“Execution must be based on agile, effective decision making, with clear and singular accountabilities. This is the antithesis of governance today.”

The report repeatedly underscores the enormous scale of the consolidation project, likening it to combining the infrastructure of between 30 and 40 large banks.

Slow-footed

The consultants say Shared Services Canada is slow-footed, partly hobbled by complex procurement rules, so that an email solution it chose in 2011 and still has not completed has since been outmoded by new cloud services.

“The world in 2016 is much different from how it was in 2011, and the expert panel and Gartner believe developments such as cloud services should be given much more prominence in SSC’s future,” said the 198-page report.

Some of the document is redacted, including key financial information. The authors make a series of recommendations, chief of which is the appointment of a deputy minister for IT for all of government, to whom the head of Shared Services Canada would report.

In April 2011, then-prime minister Stephen Harper lauded the project to consolidate the government’s IT systems and data centres, saying on the election campaign trail that year that “we know we can save all kinds of money there.”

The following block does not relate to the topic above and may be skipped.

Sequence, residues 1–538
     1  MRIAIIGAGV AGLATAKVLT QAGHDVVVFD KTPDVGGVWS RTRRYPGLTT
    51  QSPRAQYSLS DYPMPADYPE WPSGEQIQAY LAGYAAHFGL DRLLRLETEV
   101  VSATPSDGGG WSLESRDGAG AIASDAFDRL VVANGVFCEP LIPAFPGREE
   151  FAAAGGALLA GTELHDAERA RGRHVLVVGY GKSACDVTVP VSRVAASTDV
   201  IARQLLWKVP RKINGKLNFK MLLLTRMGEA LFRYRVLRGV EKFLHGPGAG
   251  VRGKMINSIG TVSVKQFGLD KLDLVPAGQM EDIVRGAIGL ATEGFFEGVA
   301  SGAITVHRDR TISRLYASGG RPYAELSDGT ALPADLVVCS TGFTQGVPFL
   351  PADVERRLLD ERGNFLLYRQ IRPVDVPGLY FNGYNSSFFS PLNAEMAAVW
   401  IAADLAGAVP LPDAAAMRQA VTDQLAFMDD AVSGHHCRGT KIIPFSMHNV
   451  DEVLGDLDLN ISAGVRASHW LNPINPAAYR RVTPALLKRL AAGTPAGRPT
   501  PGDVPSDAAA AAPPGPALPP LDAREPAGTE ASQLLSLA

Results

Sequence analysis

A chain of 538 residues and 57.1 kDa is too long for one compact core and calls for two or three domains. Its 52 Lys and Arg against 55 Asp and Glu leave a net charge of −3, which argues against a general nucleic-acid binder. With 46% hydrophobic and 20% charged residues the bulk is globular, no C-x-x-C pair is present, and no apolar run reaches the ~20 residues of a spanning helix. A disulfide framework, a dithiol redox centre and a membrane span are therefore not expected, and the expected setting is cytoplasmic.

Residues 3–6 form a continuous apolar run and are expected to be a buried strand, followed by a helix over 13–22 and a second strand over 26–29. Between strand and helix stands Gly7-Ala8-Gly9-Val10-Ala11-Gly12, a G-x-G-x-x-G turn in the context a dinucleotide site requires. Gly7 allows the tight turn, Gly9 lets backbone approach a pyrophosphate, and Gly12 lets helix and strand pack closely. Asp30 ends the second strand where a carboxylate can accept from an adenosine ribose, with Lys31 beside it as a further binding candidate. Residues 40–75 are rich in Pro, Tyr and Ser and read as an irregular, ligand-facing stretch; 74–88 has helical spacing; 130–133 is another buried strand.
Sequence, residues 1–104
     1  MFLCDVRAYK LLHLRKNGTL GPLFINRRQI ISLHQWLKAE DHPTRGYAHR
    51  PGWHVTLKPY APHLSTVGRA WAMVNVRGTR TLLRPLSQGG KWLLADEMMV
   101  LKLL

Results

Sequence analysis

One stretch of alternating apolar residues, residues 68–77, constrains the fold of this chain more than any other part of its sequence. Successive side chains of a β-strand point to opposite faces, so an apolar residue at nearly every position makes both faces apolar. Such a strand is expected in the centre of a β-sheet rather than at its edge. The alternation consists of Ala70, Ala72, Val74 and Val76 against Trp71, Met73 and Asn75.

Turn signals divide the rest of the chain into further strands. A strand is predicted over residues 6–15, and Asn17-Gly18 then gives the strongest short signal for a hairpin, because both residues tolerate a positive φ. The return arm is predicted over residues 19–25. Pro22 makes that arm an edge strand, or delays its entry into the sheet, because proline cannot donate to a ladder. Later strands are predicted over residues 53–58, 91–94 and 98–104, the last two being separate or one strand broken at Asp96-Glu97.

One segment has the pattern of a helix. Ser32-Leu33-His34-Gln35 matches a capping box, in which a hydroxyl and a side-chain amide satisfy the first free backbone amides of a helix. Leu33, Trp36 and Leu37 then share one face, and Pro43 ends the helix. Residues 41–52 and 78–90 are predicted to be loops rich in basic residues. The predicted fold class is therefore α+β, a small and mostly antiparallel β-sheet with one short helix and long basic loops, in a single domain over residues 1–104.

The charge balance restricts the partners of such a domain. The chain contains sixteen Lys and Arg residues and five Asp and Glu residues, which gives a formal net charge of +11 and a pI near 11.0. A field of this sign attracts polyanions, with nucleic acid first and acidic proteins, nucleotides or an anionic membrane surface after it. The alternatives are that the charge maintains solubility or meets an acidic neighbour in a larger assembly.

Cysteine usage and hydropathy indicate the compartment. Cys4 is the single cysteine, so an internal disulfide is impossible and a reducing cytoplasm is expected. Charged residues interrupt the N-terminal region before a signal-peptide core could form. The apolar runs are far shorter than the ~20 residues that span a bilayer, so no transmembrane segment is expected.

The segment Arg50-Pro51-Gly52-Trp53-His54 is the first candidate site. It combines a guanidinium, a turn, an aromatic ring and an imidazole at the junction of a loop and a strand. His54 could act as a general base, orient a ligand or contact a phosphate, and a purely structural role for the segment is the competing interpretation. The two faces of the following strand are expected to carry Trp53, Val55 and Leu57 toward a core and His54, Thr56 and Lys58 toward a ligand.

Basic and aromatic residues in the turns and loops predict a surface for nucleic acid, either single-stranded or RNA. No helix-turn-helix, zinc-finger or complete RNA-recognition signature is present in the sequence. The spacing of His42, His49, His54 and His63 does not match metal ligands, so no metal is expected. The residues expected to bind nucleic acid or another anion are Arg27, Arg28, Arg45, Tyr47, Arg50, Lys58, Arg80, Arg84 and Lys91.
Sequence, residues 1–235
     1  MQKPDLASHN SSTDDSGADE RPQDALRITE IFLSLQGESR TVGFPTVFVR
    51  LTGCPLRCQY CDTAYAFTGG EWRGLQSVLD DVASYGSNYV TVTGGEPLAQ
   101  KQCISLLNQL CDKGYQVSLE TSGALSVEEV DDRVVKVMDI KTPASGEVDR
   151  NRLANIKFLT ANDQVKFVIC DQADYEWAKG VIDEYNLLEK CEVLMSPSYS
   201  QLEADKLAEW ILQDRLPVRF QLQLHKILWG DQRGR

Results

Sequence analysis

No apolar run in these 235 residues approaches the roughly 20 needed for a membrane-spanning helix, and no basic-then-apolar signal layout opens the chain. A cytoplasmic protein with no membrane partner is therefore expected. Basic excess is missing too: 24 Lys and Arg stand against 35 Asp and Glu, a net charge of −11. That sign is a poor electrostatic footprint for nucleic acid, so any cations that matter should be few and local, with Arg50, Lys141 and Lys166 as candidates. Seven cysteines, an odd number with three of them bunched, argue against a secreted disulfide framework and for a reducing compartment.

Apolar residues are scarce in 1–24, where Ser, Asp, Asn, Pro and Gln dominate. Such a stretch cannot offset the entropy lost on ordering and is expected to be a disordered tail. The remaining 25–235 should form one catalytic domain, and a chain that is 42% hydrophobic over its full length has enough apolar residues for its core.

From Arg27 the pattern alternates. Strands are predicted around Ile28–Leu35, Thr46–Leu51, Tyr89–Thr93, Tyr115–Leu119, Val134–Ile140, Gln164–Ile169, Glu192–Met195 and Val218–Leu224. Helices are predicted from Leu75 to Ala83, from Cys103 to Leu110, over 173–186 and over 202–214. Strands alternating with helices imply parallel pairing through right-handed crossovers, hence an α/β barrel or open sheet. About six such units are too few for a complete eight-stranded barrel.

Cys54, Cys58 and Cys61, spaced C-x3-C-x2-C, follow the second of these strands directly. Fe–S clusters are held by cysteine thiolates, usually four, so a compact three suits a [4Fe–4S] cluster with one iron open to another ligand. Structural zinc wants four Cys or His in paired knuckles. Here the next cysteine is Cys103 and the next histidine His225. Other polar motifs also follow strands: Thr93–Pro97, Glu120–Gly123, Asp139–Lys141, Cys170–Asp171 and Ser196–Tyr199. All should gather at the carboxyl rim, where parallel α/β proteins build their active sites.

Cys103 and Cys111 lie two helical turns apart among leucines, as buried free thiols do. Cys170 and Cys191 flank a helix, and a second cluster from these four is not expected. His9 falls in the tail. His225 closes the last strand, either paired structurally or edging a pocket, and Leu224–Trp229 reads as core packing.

‘The project was set up to fail through underfunding, lack of service standards, and poor planning from the previous government.’ – Jean-Luc Ferland, spokesperson for Treasury Board President Scott Brison

The new agency charged with carrying out the transformation, Shared Services Canada, was announced on Aug. 4, 2011, after Harper won a majority.

But two projects in particular went off the rails in the early going, one to consolidate cell and telephone services, the other to consolidate email services. Both have been plagued by delays, among other problems.

And the new agency was immediately required to cut costs as part of a government-wide effort to wipe out the federal deficit by 2015.

Shared Services Canada data centre